Aces on Bridge — Daily Columns

The Aces on Bridge: Tuesday, September 17th, 2019

Minds are like parachutes. They only function when they are open.

Sir James Dewar

S North
Both ♠ K 6 5
 8 6 5 2
 K 4
♣ 8 4 3 2
West East
♠ 2
 K Q 10 7
 Q J 10 7
♣ K Q 9 6
♠ J 10 9 3
 J 9 4
 8 6 5 2
♣ 10 7
♠ A Q 8 7 4
 A 3
 A 9 3
♣ A J 5
South West North East
1 ♠ Dbl. 2 ♠ Pass
4 ♠ All pass    


It is rarely attractive to upgrade 19-counts in first or second seat to a two-no-trump opening. When investigating a slam, starting the exploration at the three-level is rarely optimal. Also, it can be difficult to locate 5-3 fits after a two-no-trump start. So South was sensible to open one spade. He jumped directly to four spades when he found the fit, since his aces and kings suggested a suit contract.

When West led the diamond queen, South could see 10 tricks via a diamond ruff in dummy, as long as trumps broke 3-2. But what if they broke 4-1?

In that case, the way home would be for South to score his small trumps via heart ruffs, thus coming to six trump tricks to go with his four top side-suit winners. But this would require careful planning.

To start with, South carefully won the diamond lead in hand and continued with the heart ace and another heart. East overtook West’s 10 with the jack and shifted to the club 10. Declarer rose with the ace and played the spade queen and a trump to dummy’s king — discovering the 4-1 break.

Now came the diamond king followed by a heart, ruffed low in hand. A diamond ruff with dummy’s last trump was followed by dummy’s last heart. When East discarded his second club, declarer scored his remaining low trump, with the spade ace still to come, for the 10th trick.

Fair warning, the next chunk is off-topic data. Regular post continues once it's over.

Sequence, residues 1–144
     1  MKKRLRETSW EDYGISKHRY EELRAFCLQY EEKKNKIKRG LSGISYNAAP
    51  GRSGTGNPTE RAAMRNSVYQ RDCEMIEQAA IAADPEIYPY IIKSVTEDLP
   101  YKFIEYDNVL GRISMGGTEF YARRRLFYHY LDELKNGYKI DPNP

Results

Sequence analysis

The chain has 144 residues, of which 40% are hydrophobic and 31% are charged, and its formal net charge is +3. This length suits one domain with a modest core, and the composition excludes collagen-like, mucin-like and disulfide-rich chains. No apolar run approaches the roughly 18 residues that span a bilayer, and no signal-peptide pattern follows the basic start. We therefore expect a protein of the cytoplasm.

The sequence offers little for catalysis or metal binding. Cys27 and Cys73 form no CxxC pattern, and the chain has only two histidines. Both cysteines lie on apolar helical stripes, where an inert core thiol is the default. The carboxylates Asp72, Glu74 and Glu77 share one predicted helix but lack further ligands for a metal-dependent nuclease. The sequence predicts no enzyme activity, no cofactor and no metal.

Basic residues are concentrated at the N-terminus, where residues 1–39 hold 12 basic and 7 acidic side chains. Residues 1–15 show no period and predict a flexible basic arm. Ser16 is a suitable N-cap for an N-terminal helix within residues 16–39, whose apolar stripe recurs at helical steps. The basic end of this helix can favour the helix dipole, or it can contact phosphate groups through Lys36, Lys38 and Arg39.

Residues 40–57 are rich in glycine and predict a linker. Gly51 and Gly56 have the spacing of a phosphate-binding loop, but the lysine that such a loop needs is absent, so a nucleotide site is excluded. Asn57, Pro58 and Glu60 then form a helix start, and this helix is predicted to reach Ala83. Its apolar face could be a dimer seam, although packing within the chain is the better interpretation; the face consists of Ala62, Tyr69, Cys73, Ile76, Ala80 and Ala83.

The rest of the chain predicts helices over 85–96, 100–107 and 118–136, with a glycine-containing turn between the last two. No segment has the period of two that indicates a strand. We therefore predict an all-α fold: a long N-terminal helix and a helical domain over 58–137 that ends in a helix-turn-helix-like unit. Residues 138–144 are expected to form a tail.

If East had ruffed in on the fourth heart, South would have discarded a club instead of over-ruffing, with two more trump tricks guaranteed.

We do not want to introduce hearts — the last thing we want to do is to play in hearts if partner cannot bid them. Raising clubs may not achieve much and could mislead partner about our defense if the opponents come in. Since our kings suggest defense, not offense, I’d pass now and hope to balance later. I’m tempted to try one no-trump, but a free bid suggests a slightly better hand than this.


♠ K 6 5
 8 6 5 2
 K 4
♣ 8 4 3 2
South West North East
    1 ♣ Dbl.

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Reproduced with permission of United Feature Syndicate, Inc., Copyright 2019. If you are interested in reprinting The Aces on Bridge column, contact


Iain ClimieOctober 1st, 2019 at 12:02 pm

Hi Bobby,

Just wondering about different leads. A top Heart can be ducked and transposes to the column line but I think a top club has to be ducked or East can get in with a heart to punch a club through (provided he/she has played the C10 at T1 of course). A nice case of where an odd looking play (running the D to the Ace) works when “gut feel” suggests going up with the DK at T1.

On BWTA would your answer be different if playing 4 card majors when the clubs will almost certainly be real?